The Ledoux Strategy

THE LEDOUX STRATEGY for finding the brain circuits involved in emotional memory (inspired by Kandel and Mishkin) By Joseph LeDoux Step one:Create a memory: pair an electric shock with a loud noise, so that the noise is remembered as the beacon for imminent shock. Step two: Identify the neural circuits that form and store the memory: make lesions in the brain by applying electrical current locally and testing if the animal can still learn to associate the tone

Elie Dolgin
Mar 1, 2009

THE LEDOUX STRATEGY

for finding the brain circuits involved in emotional memory (inspired by Kandel and Mishkin)

By Joseph LeDoux

Step one:Create a memory: pair an electric shock with a loud noise, so that the noise is remembered as the beacon for imminent shock.

Step two: Identify the neural circuits that form and store the memory: make lesions in the brain by applying electrical current locally and testing if the animal can still learn to associate the tone and shock. Repeat as necessary until the major relay-stations in the brain necessary for fear memories are discovered. Fine tune the brain-circuit map using staining techniques that trace connections by tracking the trajectory of an axon from its cell body to its terminal ending.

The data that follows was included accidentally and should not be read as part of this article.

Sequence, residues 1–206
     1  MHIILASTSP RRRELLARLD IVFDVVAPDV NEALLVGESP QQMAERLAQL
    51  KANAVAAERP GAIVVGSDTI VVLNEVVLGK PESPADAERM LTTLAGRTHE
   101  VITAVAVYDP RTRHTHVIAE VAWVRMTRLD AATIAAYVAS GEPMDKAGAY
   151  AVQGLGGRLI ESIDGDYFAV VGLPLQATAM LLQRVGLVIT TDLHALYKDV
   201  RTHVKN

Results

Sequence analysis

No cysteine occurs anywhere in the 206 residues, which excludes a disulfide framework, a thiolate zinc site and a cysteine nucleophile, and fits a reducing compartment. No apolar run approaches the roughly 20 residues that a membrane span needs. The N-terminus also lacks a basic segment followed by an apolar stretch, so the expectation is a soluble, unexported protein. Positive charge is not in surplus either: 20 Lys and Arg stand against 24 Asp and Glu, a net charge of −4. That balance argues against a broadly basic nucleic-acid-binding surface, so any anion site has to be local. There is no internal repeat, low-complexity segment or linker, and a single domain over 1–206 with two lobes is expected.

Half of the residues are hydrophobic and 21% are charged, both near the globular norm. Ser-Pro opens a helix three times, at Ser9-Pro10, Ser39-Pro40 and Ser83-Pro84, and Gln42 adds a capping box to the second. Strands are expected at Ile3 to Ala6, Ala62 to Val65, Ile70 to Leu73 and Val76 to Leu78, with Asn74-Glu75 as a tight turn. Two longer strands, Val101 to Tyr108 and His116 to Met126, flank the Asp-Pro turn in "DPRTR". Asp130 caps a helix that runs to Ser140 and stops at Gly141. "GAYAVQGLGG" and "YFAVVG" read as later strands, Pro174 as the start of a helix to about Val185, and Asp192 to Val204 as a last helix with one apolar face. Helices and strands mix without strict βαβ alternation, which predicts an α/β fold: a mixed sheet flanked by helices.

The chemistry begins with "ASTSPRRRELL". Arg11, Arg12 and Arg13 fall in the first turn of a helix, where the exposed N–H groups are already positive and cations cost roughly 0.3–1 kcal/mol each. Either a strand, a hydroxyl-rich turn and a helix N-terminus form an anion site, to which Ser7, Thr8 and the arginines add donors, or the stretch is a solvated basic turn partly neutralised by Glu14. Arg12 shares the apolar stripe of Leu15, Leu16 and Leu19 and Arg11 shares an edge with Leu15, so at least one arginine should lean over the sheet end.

Step three:Identify the cells in the circuit that...

Step four: Identify the molecules that are crucial to long term memory formation: Inject drugs that block synaptic plasticity—or learning—into the sites where the key cells are located. Use drugs that either block the induction of plasticity (i.e. NMDA antagonists) or that block the conversion of temporary memories into persistent or consolidated memories (i.e. blockers of protein synthesis).

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